Tesla drivers can request FSD beta at the push of a button, despite safety concerns

Texas News Today

Electric car maker Tesla released a long-awaited software update on Friday night. This allows customers to request access to the controversial Fully Autonomous Driving Beta (FSD Beta) software.

The move has pleased CEO Elon Musk and Tesla fans, but risks upsetting federal vehicle safety officials who are already investigating automakers for potential safety flaws in driver assistance systems.

FSD Beta is an unfinished version of Tesla’s premium driver assistance software, FSD, which sells for $10,000 or $199 a month in the US.

The FSD allows Teslas to automatically change lanes, navigate highways, get into parking lots, exit parking, and travel short distances at slow speeds, without anyone driving. Sold with the promise of being able to drive.

In the FSD beta, drivers have access to the unfinished “City Autosteer” feature, which allows drivers to engage in city with other vehicles, pedestrians, cyclists and pets without having to move the steering wheel with their hands. Is. You can navigate the environment automatically. However, it should be noted that the driver holds the steering wheel with both hands and is ready to take over driving at any time.

None of Tesla’s driver assistance systems (such as the company’s standard Autopilot package, premium full self-drive option, FSD beta, etc.) make Tesla autonomous.

The company previously made FSD beta available to about 2,000 people, mainly a mix of employees and some customers, who test the software on public roads without debugging.

The new download button on the Surface has the potential to rapidly increase the number of untrained participants.

Government’s response

Tesla CEO Elon Musk makes a gesture as he visits the manufacturing site of Tesla’s Gigafactory in Grunheide, near Berlin, Germany, on August 13, 2021.

Patrick Pururu | Reuters

National Transportation Safety Commission chief Jennifer Homendy expressed concerns about the company’s plans in an interview with the Wall Street Journal when CEO Musk released new details about the FSD beta button last week.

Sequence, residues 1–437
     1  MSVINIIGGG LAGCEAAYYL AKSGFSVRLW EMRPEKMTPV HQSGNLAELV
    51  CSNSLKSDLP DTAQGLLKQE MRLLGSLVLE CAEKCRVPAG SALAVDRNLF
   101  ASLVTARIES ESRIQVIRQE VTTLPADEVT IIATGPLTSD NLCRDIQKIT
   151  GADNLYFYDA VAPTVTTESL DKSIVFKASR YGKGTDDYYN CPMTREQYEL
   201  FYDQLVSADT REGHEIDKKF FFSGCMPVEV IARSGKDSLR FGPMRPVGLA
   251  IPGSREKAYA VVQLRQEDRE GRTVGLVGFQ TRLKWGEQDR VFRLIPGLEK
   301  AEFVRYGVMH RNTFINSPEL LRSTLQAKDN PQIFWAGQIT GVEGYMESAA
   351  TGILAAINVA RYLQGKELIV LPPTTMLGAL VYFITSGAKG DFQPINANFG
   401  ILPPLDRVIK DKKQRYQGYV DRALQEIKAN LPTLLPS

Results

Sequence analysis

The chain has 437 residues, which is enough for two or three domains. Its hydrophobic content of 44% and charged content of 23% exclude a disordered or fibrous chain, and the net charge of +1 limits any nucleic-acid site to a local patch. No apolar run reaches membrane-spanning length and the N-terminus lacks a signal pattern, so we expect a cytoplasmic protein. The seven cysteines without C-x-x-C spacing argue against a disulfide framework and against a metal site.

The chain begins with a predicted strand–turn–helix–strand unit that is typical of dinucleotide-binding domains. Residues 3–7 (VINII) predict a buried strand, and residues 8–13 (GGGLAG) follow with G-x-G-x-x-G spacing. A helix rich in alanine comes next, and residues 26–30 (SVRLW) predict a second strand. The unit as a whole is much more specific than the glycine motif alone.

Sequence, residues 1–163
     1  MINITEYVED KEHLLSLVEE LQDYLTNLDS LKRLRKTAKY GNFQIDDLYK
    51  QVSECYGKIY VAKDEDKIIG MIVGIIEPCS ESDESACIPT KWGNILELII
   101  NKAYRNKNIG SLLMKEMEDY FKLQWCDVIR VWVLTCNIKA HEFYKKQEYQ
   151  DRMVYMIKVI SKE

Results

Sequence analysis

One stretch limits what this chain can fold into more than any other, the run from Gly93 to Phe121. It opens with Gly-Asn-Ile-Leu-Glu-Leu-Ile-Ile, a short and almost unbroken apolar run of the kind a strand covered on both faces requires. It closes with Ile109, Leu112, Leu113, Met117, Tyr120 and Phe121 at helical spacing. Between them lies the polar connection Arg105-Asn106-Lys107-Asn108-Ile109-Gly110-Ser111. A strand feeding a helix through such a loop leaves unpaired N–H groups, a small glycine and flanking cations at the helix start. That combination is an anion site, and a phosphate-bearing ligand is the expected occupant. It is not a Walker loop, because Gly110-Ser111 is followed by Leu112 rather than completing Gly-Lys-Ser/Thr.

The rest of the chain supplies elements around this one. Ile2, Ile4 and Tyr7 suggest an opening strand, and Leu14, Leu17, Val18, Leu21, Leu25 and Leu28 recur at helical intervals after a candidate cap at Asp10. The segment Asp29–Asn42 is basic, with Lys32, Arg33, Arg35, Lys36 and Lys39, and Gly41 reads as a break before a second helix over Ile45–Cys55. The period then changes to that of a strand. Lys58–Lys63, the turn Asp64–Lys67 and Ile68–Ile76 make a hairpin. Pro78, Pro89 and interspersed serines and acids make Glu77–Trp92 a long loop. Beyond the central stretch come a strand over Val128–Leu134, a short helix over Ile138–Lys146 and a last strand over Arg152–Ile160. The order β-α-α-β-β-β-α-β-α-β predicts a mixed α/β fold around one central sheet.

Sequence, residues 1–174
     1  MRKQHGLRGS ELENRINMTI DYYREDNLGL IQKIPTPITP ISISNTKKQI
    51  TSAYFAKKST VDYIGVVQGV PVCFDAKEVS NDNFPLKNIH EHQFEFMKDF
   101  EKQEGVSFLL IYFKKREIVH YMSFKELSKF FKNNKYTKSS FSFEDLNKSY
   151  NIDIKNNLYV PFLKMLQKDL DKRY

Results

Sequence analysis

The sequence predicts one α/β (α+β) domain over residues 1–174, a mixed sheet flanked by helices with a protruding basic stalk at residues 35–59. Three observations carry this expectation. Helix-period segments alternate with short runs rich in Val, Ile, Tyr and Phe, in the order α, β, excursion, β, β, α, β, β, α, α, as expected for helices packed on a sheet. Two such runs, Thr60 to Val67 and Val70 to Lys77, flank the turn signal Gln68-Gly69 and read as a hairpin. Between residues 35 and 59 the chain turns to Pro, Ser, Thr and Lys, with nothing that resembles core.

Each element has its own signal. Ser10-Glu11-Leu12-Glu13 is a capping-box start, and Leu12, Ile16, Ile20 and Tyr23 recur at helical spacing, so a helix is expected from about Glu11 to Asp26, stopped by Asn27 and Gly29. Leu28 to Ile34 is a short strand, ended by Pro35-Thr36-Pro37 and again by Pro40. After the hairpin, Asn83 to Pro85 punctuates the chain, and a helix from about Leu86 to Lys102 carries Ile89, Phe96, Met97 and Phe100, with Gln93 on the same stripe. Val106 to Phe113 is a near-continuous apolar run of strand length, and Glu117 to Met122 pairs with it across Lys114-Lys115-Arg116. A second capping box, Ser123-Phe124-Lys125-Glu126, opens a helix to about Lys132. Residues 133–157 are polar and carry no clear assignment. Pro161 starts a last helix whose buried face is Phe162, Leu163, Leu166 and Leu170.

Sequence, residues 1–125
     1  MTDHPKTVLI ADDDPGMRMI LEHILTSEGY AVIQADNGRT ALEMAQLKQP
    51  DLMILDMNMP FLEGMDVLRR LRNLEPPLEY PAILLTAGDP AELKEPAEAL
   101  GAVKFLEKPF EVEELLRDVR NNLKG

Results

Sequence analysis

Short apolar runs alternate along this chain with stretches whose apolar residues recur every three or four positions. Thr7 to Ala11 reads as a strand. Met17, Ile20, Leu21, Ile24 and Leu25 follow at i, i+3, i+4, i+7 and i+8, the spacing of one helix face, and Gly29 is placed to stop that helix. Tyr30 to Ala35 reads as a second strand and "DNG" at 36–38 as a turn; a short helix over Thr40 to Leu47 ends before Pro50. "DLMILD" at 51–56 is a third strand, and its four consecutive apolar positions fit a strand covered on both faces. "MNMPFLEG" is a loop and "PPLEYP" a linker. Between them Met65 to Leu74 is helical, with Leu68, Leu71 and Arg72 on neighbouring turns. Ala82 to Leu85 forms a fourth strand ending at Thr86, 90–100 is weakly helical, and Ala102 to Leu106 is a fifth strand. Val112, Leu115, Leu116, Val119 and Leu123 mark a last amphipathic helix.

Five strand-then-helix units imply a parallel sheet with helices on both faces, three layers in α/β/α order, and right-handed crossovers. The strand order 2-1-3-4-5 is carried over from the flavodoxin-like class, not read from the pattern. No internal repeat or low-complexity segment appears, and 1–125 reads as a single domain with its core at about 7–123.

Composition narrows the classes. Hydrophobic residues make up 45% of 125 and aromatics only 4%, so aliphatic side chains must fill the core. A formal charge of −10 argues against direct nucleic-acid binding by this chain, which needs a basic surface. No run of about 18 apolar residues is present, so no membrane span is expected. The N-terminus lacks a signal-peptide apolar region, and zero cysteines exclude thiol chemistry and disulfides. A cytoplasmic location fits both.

Before Tesla expands the FSD beta to other roads and areas, Homendy said it needs to “address basic safety issues.” NTSB managers were also dissatisfied with the company testing unfinished products on behalf of safety experts with untrained drivers on public roads.

Homendy also said in an interview with industry podcast Autonocast and The Washington Post that Tesla’s use of the term fully autonomous driving in “Level 2” driver assistance systems is misleading and confusing. Growth.

Musk himself tweeted last week that the FSD beta looks so good it could mislead drivers into believing they don’t have to focus on driving while the FSD beta is up and running. Said there is. Always a wheel.

On Saturday, after Tesla enabled the “Request for Fully Autonomous Driving Beta” feature on vehicles, a fan blog called Tesla said on Twitter, “Is Tesla a good chance after the NTSB chief’s comment?” I posted it.

Musk responded on Twitter with a link to Homendy’s biography on Wikipedia. Musk previously urged millions of followers on Twitter to turn his career details on Wikipedia, but he shared this link to Homendy’s biography without comment.

CNBC contacted Tesla and the NTSB, but neither were able to immediately comment on Saturday.

safety score

Musk has promised Tesla owners a FSD beta download button for months. In March 2021, he wrote in a tweet that as soon as the car was connected to Wi-Fi, the following buttons would give users access to the latest FSD beta builds.

But he changed the way. Currently, Tesla has a calculator that gives drivers a “safety score” and uses it to determine who can obtain and use the FSD beta software.

Screenshots shared by Tesla owners with CNBC on the FSD show that the company’s “safety score” is the same as the insurance risk factor score.

Tesla’s system, according to communications and screenshots seen by CNBC, provides the driver’s “predicted collision frequency, forward collision warning per 1,000 miles, hard braking, aggressive turns, unsafe tracking times, and forced “canceling of the autopilot” table. shown in.

Tesla’s system does not seem to measure and explain at this time how often drivers are unable to grasp the steering wheel, how fast they accelerate when prompted, or how they are constantly monitoring the road.

In Tesla’s view, only users with great weekly driving records can access the FSD beta.

Before Tesla released the FSD beta button (and version 10.1 of the FSD beta scheduled for this weekend), CNBC took to the California DMV Autonomous Vehicle Branch to see how FSD beta-equipped vehicles became popular in previous states Huh. I asked if it was safe. ..

The DMV declined an interview request, but said in an email:

“Based on information provided by Tesla to the DMV, this feature does not convert the vehicle into a self-driving car in accordance with California regulations. DMV collects information from Tesla in beta releases, including program and feature enhancements. Tesla must work with appropriate regulatory approval for the ability to modify its capabilities to meet the California legal and regulatory definition of self-driving cars. Regardless of their level of vehicle autonomy, the DMV has given Tesla clear and effective communication. The DMV is reviewing the use of the term “fully autonomous driving” for its technology. The DMV is ongoing and cannot be discussed until the review is complete. .. “

Tesla drivers can request FSD beta at the push of a button, despite safety concerns

Source Link Tesla drivers can request FSD beta at the push of a button, despite safety concerns

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